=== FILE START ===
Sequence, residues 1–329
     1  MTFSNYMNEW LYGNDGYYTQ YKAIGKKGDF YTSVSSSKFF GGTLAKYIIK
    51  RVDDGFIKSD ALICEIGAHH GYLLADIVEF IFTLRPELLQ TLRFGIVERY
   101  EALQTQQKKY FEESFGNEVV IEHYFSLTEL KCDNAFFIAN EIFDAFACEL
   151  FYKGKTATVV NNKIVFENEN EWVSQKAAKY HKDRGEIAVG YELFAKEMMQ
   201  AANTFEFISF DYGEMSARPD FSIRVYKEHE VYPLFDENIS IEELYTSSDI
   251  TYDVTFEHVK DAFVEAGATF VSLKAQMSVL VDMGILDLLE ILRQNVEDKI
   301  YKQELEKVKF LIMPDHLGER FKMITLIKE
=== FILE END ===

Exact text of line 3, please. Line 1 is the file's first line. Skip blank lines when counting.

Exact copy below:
    51  RVDDGFIKSD ALICEIGAHH GYLLADIVEF IFTLRPELLQ TLRFGIVERY